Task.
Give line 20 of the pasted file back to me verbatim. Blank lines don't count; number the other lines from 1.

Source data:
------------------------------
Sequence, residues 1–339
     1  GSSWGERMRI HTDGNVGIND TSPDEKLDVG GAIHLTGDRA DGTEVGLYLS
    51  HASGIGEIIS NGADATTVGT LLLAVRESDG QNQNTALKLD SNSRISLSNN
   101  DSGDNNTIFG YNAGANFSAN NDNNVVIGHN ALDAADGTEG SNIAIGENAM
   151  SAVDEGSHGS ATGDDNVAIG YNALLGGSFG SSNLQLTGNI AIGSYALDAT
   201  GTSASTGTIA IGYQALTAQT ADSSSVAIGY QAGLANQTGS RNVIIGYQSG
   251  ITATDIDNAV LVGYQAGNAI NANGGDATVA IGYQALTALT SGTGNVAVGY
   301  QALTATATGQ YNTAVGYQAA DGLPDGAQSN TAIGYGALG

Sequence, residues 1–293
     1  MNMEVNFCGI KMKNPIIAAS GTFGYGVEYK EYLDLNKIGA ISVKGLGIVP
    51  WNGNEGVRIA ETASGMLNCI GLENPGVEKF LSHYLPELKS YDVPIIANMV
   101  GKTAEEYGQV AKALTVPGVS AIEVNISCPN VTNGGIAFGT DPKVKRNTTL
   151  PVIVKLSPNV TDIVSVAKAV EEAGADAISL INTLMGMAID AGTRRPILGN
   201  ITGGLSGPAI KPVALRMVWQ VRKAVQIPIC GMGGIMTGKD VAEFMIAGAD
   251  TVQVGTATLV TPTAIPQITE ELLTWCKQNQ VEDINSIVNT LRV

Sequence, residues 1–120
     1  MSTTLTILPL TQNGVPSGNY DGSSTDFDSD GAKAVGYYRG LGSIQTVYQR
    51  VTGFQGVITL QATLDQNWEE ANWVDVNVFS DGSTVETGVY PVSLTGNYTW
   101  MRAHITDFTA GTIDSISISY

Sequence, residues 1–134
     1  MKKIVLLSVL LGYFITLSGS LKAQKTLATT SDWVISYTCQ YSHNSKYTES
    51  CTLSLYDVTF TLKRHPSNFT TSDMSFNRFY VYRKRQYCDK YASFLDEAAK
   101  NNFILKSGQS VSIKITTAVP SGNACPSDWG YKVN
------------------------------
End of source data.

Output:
Sequence, residues 1–134